Where an architect agrees to ‘contract out’ of this regime, the principal or head contractor could potentially sue them for the entire amount of any damage caused irrespective of them being only partially at fault. It is then up to the architect to counter-sue in order to recoup the portion damages for which other parties were responsible. This is not only costly, but leaves architects exposed where those other parties in question become bankrupt or insolvent. In addition, since not every professional indemnity insurance policy covers ‘contractually assumed’ liability, it may also expose architects to liability beyond which they are covered by insurance.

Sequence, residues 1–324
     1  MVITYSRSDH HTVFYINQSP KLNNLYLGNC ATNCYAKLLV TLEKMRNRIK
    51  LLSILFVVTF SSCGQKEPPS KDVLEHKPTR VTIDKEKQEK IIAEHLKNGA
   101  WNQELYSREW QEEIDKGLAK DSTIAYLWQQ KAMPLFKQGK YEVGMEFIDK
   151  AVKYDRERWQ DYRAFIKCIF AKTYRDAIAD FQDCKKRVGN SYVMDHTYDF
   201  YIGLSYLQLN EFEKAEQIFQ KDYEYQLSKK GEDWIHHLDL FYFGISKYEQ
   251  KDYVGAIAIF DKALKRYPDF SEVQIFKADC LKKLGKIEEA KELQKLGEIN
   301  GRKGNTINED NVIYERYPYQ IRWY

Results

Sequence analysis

Whilst these terms may well meet the criteria of being unfair, architects in New South Wales, Western Australia and Tasmania are unlikely to be protected from contracting out clauses. This is because the law in these states expressly allows for parties to contract out of proportionate liability, meaning that such clauses are likely to be excluded from the scope of the new protections. Queensland expressly prohibits contracting out, whilst the law in other jurisdictions is silent on whether or not contracting out is allowed.
Outside of liability, a further area of interest revolves around time bars. These clauses specify that architects are not allowed to bring claims later on where they fail to perform a certain type of procedure within a given time frame. An example would be a clause which permanently barred the architect from claiming a variation in a situation where they failed to notify the principal of any intention to claim within two business days of the event which gives rise to the variation – a very short time frame.